We Don't Need a Control-Freak PM

By:  Rachel Marsden

Just a few months ago, Prime Minister Stephen Harper (I'll call him PMS) was flogging the idea of a more open, honest and accountable government. Now, Captain Democracy is reportedly muzzling his MPs, limiting media access to his cabinet ministers, and vetting everything that passes their lips when they do talk.

If PMS had spent any time on the dating circuit, he would know that controlling relationships don't work. Ultimately, they lead to anger, frustration and resentment.

Like the wife who tolerates her control-freak hubby because she figures a trip to Monte Carlo or more bling may be just around the corner, Harper's MPs are toeing the line for now. The exception is Halton-area MP Garth Turner, who keeps spilling it to the public like he's on Oprah's couch (you go, Garth!).

Could you imagine if U.S. President George W. Bush had muzzled congressional Republicans during the Dubai ports fiasco? The deal fell through due, in large part, to conservative dissent. It was this kind of internal party fracturing that really turned off our former ambassador to the U.S., Frank McKenna, who once bellyached about the American system having too many free agents. That's not a surprising sentiment, coming from a Liberal. PMS should know better, though.

In fact, he does. Last week, he even called on Canadians to pester their MPs: "We're going to need all of them writing, e-mailing, faxing and telephoning their MPs to tell them to get on with the plan."

Apparently, the people should speak out, but their representatives should only do so if PMS lifts the duct tape. Doesn't that kind of defeat the whole purpose? In a truly stunning display of Olympic-calibre flip-floppery, PMS made his plea for the public uselessly to lobby his gagged MPs during a speech pimping his proposed government Accountability Act.

One of the biggest downsides to an open, accountable democracy -- which, according to the throne speech Harper's government delivered this week, is something they believe in -- is that, unfortunately, it involves dealing with the media. Journalists are often agenda-driven and obnoxious, but playing silly games with them doesn't help.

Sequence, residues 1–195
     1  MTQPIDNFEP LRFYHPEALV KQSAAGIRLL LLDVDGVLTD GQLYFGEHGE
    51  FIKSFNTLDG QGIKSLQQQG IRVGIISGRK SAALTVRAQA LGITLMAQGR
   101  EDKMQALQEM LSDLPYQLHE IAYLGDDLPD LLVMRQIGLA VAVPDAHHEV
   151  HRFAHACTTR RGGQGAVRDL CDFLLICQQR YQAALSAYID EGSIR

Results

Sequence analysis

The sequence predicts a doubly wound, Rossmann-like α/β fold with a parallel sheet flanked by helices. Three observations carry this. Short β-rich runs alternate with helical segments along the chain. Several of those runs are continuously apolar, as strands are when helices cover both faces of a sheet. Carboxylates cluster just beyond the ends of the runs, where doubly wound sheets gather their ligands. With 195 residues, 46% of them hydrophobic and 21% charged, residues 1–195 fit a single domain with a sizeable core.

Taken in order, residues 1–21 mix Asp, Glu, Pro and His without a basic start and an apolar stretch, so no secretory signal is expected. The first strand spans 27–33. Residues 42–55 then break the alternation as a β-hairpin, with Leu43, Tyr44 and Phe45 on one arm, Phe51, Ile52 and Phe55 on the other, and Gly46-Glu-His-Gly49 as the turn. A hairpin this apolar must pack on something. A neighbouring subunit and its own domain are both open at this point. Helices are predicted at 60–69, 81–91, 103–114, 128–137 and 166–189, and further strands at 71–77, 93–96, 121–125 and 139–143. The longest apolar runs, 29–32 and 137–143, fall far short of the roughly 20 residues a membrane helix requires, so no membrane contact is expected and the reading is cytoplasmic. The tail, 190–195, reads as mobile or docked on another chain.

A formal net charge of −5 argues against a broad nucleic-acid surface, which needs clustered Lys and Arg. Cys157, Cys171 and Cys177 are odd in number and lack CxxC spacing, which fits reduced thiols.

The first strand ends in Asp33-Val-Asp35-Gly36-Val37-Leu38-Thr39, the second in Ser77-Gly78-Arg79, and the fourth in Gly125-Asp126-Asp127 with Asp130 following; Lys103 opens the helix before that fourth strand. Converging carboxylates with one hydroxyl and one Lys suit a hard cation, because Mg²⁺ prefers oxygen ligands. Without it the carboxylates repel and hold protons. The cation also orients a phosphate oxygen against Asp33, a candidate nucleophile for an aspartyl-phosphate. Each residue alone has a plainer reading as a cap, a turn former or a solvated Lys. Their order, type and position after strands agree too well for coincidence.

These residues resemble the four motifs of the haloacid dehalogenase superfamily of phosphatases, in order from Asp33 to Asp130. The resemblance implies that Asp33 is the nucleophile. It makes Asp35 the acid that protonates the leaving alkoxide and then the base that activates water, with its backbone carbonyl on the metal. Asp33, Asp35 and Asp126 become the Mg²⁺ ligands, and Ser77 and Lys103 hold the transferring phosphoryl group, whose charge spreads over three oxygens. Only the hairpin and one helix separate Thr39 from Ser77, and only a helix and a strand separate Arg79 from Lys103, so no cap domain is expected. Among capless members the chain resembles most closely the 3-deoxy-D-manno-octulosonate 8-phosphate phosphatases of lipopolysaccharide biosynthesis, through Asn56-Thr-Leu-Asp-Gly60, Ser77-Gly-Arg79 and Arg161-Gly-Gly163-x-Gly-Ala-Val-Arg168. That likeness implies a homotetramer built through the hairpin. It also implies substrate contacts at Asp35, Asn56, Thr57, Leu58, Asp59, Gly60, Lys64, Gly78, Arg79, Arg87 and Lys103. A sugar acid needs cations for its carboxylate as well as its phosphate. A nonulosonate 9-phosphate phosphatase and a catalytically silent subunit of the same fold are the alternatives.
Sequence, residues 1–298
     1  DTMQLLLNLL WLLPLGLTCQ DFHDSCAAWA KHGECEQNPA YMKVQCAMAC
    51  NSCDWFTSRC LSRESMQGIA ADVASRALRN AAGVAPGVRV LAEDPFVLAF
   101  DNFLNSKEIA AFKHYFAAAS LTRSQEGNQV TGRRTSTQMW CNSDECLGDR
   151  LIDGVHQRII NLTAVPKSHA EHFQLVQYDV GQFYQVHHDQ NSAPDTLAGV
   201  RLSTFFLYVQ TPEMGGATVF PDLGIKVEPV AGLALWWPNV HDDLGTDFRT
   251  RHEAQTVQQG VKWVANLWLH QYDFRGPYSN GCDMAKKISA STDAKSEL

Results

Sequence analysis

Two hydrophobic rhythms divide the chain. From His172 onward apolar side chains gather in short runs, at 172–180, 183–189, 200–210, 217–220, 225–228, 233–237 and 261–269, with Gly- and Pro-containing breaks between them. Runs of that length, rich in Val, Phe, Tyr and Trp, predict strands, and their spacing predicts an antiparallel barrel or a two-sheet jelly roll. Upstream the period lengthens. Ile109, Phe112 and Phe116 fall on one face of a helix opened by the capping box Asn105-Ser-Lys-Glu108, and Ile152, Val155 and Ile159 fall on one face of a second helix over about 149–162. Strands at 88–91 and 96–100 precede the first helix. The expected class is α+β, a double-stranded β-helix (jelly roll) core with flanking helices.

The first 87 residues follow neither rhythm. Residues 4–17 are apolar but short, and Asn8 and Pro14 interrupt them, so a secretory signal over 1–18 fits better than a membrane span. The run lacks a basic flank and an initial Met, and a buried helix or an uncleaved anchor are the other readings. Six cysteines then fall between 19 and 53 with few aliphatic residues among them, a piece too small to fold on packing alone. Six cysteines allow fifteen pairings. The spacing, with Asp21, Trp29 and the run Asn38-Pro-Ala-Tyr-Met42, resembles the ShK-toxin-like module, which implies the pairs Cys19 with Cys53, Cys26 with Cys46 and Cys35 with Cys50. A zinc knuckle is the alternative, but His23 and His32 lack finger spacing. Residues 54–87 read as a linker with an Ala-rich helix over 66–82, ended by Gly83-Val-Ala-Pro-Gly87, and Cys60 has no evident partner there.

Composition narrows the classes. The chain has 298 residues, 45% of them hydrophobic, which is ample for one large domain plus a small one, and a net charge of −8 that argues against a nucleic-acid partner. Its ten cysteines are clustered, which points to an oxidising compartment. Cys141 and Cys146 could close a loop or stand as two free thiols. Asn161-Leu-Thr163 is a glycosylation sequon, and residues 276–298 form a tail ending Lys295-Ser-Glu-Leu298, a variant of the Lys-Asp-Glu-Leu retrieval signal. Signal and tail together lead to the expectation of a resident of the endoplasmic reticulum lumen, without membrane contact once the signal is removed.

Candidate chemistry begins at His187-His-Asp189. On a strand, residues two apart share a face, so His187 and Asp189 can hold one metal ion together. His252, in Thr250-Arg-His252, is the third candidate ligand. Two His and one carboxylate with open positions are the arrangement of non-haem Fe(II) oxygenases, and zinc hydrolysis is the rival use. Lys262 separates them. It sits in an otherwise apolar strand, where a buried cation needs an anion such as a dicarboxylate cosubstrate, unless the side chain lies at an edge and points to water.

Banning reporters from the floor where cabinet meetings take place, as PMS's PMO has done, isn't a big deal. It's not as though the media have no other possible way to talk with them. But it's like taking candy away from a small child. Is it really worth having to deal with all the bawling afterwards?

To make matters worse, Harper's newest director of communications, Sandra Buckler, has insisted that it's really all about the well-being of reporters. Yeah, I'm sure that's it: Harper wants to keep the media from the floor where cabinet meetings take place because he fears the hacks will crush each other in a political running of the bulls. He wishes.

If Buckler keeps it up with the blatantly obvious BS, she’ll be a shoe-in for the “Baghdad Bob ‘There Are No American Infidels in Iraq’ Spinsanity Award”.

In reality, PMS gains little with these measures against the media. The optics, however, are far more damaging.

PMS needs to stop being a control freak and start focusing on getting things done. It's hard to accomplish anything if you're obsessed with screwing up. To put it back in relationship terms, you need to let your sweetie out of the house once in a while to go shopping and see her friends. And if, in the end, she dumps you, then it just wasn't meant to be.